In this rejection of mass media, Thomas Häussler sees an important characteristic of populism in the Internet. It is particularly pronounced in the debate about the so-called 'lying press' in Germany. "In historical terms, the public prestige of journalists was never very high. But in recent years it's sunk even further".

The strategic value of insecurity

The media now receives widespread, basic criticism of a kind that was unheard of for many years. And the populists are turning this loss of trust to their advantage. Häussler says: "They accuse the traditional media of being part of an elite that is conspiring against the people and intentionally trying to manipulate them". This accusation is diametrically opposed to the values propagated in journalism's codes of practice, such as independence and a responsibility towards the public. It is not surprising that many populist parties – in Switzerland, that's first and foremost the SVP – are demanding the downsizing or even the abolition of public service broadcasters, because they are supposedly the standard-bearers of the elite.

In its online expression, however, this anti-elitist stance leads precisely to a dissolution of journalistic standards. Suddenly, dubious sources such as the Swiss conspiracy theorists' portal 'Alles Schall und Rauch' ('All hollow words') is afforded the same journalistic significance as a Neue Zürcher Zeitung. Gut feeling and 'healthy common sense' count more than expert knowledge and verifiable facts. It has even become easy to spread fake news by means of fictitious online articles that mimic the style and layout of the traditional mass media. Engesser and Häussler suspect that a conscious political strategy lies behind this. People who feel insecure tend to seek support from charismatic leaders and simple ideologies. And this is exactly what the populists offer.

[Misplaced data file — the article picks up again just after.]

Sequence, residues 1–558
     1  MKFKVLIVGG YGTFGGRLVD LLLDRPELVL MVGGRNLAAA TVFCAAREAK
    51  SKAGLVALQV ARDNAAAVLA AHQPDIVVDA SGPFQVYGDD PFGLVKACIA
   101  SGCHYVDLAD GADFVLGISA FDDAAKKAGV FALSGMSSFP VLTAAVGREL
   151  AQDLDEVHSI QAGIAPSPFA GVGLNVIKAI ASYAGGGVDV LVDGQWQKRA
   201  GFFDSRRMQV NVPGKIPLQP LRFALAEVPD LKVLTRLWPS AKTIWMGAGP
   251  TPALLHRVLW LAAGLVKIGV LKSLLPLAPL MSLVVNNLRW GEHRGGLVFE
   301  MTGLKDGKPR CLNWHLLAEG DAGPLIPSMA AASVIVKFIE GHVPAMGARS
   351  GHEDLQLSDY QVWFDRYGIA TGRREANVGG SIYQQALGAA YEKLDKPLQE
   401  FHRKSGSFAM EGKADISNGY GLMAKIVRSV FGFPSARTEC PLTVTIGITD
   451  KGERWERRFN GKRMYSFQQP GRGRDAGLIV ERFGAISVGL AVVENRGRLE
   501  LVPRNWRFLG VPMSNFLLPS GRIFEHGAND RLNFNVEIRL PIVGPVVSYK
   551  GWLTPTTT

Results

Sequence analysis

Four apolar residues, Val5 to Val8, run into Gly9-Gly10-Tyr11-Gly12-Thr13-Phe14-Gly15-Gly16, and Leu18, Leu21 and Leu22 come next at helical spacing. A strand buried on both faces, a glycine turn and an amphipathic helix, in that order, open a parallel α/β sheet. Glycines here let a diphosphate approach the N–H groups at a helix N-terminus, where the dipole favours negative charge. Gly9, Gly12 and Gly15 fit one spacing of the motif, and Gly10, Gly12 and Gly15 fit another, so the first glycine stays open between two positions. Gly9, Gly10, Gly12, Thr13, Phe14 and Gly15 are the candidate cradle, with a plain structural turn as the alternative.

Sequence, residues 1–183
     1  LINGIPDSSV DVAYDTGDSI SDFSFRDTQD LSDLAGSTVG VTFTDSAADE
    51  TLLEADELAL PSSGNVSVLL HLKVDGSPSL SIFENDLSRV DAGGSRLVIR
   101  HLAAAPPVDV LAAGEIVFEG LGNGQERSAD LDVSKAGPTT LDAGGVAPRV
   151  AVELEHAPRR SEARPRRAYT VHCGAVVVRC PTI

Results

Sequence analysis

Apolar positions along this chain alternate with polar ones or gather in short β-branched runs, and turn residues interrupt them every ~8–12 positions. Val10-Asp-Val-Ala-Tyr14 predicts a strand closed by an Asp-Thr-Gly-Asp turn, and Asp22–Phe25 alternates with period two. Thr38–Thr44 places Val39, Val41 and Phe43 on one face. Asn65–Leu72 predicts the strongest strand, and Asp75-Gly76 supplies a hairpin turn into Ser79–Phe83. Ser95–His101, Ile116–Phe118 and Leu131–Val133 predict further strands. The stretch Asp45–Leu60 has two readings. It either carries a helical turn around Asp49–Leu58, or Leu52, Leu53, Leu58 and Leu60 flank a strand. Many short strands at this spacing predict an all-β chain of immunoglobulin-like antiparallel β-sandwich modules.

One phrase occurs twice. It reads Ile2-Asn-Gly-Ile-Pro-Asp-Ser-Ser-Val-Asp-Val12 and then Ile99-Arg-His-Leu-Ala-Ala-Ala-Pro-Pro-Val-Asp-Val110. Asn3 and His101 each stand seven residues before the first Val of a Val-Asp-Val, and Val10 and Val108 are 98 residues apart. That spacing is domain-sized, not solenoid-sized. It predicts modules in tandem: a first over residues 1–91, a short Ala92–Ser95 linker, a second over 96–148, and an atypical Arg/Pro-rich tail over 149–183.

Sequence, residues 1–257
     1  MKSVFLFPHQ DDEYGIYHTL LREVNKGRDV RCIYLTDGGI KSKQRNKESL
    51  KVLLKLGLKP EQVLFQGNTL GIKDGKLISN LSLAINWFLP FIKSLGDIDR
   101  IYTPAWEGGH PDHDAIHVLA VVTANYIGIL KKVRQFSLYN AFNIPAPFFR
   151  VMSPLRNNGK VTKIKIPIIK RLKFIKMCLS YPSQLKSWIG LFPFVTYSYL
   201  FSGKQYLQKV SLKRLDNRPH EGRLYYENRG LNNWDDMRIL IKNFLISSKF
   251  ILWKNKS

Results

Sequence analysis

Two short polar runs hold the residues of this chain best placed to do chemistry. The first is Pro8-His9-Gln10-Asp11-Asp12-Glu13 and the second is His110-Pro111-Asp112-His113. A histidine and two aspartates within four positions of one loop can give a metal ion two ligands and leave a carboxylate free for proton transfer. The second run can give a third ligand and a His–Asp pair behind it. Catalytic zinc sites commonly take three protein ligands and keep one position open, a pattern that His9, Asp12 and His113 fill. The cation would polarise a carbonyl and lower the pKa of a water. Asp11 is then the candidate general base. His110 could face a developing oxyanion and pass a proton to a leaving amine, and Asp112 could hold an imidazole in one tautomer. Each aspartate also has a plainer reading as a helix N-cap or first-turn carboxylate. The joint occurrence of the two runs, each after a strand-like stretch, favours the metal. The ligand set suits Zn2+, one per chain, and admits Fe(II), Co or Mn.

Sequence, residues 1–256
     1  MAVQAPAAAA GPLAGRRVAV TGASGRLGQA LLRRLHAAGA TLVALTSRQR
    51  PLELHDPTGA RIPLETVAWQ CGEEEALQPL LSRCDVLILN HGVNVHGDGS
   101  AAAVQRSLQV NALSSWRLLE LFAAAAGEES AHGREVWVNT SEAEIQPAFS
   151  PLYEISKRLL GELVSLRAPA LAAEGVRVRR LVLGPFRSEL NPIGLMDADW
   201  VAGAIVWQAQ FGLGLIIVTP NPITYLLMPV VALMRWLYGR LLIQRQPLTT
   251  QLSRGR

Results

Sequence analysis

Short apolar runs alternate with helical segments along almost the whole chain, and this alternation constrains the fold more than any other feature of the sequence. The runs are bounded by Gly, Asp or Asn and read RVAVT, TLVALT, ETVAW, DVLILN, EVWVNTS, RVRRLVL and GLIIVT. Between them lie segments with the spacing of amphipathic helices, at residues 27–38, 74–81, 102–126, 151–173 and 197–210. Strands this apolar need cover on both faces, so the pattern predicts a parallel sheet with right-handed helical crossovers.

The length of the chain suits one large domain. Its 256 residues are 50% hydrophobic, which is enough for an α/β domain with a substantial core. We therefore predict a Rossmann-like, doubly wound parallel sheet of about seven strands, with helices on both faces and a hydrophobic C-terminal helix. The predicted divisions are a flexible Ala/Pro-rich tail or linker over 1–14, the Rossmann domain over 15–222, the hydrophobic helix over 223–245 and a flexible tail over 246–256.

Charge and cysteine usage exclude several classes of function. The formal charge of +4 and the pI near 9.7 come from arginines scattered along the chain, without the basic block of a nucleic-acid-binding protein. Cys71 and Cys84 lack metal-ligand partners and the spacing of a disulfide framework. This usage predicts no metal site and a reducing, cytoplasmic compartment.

Is nothing true anymore?

This erosion of journalistic standards can have a long-term negative impact on political processes. Under these circumstances, the media cannot fulfil their role as the fourth estate, with their function of critique and oversight. If everything is relative, it becomes ever more difficult to form a fact-based opinion and to debate political topics. "You then get stuck in the meta-discussion as to whether the basic information presented by the media and experts is actually true – indeed, whether anything at all that the media report is true", says Häussler. "In extreme circumstances, this way of thinking undermines democracy".

This relativisation of facts is promoted even further by so-called echo chambers or 'filter bubbles'. These two concepts have become common-place and are used to describe the tendency for people to surround themselves on the Internet with others who think similarly, and who engage in mutual confirmation of their attitudes. This phenomenon is not new, when one considers that newspapers faithful to specific parties dominated the Swiss scene until the 1960s. Thomas Häussler agrees, but he points out: "If you wanted to know that there were other opinions apart from the one in your party newspaper, you just had to take a step back at the kiosk for you to see the newspapers of the other parties".